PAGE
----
The privatization of the flood market presents a unique growth opportunity for insurers willing to get their feet wet.
Building a profitable private flood insurance program major challenges. One-stop access to enhanced data analytics and underwriting information from Verisk can help you compete in this environment.
Why should carriers expand and/or enter into the private flood market?
Marc Treacy, managing director of flood, ISO, explains how carriers can capitalize on the privatization of flood insurance in the US.
Taking a comprehensive view of flood risk
Assess flood risk with WaterLine, Verisk’s flood hazard score, which goes beyond traditional property-level risk characteristics.
WaterLine provides an accurate assessment of location-level flood hazard for insurers, with scores available on every location in the contiguous United States.
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Flood insurance solutions for personal and commercial properties
Develop and enhance your program with actuarially sound rating information and coverage for homeowners and businesses of all sizes.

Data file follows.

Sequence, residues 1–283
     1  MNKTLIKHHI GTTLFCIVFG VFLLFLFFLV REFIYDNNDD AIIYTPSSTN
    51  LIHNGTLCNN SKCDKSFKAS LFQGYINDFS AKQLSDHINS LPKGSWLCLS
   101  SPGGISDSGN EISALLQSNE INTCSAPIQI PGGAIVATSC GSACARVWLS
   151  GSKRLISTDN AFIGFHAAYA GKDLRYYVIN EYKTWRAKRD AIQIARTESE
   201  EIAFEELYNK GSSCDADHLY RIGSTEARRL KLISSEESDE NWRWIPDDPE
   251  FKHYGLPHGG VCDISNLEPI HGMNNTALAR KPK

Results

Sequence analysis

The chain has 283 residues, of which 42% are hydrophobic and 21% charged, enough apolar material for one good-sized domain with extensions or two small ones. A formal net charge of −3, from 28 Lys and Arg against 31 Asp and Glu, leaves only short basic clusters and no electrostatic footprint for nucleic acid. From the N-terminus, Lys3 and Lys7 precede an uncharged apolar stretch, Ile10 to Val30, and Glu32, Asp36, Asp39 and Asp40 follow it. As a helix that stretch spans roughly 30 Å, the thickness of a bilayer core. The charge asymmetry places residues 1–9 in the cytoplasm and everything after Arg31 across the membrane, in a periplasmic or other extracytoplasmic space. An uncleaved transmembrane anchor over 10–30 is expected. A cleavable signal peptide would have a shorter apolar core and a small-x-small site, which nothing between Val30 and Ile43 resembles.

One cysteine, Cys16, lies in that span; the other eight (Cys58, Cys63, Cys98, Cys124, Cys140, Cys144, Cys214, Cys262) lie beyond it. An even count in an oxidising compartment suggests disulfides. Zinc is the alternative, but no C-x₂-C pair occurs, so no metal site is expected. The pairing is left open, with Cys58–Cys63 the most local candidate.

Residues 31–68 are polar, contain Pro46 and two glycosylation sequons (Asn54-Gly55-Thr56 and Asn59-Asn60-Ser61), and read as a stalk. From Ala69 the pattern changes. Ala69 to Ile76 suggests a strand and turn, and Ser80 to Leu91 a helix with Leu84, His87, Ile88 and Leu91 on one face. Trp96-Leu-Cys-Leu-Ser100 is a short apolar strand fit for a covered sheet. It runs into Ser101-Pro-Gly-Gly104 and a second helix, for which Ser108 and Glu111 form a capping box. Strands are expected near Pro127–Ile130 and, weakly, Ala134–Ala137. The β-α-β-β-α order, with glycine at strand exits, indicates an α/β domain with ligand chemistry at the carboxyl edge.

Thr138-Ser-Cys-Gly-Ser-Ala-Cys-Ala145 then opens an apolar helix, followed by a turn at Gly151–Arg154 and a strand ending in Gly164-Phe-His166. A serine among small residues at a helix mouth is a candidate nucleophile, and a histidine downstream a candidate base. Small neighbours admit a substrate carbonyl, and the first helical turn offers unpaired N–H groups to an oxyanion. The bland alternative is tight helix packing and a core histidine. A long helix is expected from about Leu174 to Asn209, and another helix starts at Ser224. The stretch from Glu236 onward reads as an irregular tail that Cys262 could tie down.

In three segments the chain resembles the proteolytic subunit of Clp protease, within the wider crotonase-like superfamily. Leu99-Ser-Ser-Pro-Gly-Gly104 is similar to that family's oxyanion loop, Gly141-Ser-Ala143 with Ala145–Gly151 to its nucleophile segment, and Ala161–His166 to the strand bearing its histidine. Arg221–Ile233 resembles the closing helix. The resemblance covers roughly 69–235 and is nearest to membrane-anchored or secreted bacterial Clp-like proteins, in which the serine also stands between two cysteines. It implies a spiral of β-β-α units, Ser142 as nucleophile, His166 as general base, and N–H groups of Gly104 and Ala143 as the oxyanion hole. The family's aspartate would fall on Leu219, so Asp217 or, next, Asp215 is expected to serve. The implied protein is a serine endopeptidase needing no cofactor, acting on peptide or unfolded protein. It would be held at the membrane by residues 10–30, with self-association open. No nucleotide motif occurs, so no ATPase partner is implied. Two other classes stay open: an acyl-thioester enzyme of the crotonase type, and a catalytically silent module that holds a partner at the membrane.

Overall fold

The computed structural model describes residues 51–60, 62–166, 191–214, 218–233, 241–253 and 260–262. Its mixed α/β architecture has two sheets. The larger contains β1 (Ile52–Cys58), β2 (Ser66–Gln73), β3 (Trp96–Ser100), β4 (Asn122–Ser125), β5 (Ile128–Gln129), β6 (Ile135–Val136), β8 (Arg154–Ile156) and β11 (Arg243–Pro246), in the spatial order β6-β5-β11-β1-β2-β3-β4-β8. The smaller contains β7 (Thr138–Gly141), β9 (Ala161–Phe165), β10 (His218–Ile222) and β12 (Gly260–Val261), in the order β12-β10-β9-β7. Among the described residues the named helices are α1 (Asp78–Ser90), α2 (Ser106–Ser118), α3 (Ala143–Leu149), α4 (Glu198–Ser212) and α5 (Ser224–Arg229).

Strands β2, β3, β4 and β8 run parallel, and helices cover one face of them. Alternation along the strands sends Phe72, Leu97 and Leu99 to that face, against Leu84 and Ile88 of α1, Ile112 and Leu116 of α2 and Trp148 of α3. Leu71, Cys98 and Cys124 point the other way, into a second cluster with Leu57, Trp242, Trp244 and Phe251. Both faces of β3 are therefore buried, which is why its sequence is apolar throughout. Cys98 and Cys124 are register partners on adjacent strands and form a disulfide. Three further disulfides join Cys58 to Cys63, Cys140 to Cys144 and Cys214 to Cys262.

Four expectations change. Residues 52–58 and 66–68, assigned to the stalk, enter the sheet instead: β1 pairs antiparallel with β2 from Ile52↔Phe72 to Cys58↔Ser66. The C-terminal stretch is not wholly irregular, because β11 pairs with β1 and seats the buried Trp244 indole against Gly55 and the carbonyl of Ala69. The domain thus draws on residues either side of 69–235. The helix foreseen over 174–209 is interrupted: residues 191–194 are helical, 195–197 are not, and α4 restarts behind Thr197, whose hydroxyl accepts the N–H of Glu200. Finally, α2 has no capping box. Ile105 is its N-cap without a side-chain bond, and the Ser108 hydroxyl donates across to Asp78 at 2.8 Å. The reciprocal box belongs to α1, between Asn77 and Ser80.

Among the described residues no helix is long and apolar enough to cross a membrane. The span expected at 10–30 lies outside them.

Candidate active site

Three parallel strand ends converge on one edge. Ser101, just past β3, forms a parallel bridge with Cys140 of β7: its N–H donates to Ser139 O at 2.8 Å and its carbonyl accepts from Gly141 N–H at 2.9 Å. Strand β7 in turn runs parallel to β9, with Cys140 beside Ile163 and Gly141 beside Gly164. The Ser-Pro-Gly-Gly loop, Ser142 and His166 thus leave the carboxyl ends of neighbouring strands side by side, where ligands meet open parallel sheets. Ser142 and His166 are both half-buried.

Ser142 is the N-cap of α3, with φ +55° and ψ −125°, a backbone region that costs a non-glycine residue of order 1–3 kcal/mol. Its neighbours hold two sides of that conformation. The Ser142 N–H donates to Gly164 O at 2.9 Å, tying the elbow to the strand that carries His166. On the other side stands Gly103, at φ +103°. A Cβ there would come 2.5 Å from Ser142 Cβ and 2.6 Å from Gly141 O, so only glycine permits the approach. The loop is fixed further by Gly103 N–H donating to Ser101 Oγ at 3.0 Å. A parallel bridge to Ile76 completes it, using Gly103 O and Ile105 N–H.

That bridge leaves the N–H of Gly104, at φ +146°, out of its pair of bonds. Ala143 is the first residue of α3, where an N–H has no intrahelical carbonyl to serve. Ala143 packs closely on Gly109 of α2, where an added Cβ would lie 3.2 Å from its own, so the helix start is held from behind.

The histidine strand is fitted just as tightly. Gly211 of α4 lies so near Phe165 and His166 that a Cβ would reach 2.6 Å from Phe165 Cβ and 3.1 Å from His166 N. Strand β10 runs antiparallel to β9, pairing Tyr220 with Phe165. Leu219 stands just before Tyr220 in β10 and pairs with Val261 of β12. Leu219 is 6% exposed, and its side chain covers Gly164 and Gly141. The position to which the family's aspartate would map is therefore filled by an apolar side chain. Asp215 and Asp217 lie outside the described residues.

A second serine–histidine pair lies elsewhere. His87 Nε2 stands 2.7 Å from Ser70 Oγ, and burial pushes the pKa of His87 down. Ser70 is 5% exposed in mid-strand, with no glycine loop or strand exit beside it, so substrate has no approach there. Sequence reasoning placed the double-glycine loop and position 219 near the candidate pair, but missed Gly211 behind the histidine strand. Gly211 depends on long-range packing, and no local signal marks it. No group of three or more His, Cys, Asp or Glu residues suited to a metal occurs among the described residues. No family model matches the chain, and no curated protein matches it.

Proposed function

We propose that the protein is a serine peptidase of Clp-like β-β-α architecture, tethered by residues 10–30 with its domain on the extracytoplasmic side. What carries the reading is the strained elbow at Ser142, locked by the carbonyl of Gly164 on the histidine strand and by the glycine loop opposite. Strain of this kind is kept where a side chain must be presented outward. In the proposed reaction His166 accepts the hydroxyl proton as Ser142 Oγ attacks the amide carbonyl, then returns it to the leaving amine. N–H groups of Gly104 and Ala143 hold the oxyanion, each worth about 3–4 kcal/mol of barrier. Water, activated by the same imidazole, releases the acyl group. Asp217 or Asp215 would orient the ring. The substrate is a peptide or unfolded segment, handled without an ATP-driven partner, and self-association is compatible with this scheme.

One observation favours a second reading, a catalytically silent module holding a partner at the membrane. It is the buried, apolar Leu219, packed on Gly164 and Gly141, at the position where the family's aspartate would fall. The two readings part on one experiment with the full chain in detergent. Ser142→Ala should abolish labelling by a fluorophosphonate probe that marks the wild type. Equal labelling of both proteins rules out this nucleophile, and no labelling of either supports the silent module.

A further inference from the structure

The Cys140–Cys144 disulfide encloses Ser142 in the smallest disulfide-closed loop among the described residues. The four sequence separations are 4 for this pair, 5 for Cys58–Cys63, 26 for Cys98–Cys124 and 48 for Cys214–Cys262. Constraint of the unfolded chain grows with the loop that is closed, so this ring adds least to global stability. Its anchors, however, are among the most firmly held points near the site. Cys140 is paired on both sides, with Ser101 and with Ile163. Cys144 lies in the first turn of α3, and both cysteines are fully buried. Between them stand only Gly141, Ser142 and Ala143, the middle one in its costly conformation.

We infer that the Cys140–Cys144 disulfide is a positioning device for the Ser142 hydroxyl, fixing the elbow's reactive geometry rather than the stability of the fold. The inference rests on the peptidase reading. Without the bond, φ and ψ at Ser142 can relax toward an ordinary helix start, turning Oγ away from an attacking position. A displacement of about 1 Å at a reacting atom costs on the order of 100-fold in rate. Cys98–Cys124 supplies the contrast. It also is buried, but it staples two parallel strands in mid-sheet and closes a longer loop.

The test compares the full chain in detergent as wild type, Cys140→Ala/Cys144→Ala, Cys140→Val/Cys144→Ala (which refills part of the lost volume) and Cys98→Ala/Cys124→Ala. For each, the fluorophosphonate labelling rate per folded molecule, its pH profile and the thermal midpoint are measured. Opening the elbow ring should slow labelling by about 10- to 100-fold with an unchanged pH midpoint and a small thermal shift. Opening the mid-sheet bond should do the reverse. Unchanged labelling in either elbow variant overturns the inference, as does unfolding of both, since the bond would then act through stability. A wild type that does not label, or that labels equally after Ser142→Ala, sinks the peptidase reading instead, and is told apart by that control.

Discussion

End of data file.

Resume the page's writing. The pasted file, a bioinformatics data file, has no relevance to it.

Location-specific Risk Data
WaterLine™ is a risk selection and assessment tool that helps underwriters by scoring individual properties on hazards including river flooding, surface water, and storm surge.
FloodAssist® reports help identify properties in FEMA flood zones and our Building Code Effectiveness Classifications help underwriters distinguish between communities with strong and weak code enforcement.
Leverage comprehensive tools to assess and manage inland flood risk for locations on and off floodplains.
Save time, prevent and catch potential errors, obtain reports in usable form, and produce faster, better claim estimates.
Assessing the impact of Hurricane Michael
Verisk tracked destructive Hurricane Michael as it hit the Florida Panhandle in October 2018. It has been classified as the strongest storm in the United States since 2004.
Read the analysis
Flood risk insights from Verisk
The insurance industry has been largely content to let coverage flow through the government’s National Flood Insurance Program (NFIP), with limited availability in the private market, especially for personal property. But that needs to change.
For the second time in the last two years, hurricane precipitation in the U.S. was exacerbated by incredibly slow movement as Florence impinged on the Carolina coastline.
The spread of flooding where it hasn’t occurred before compounds a chronic problem in the United States: Most U.S. homeowners have either too little flood insurance or—for the majority—none at all.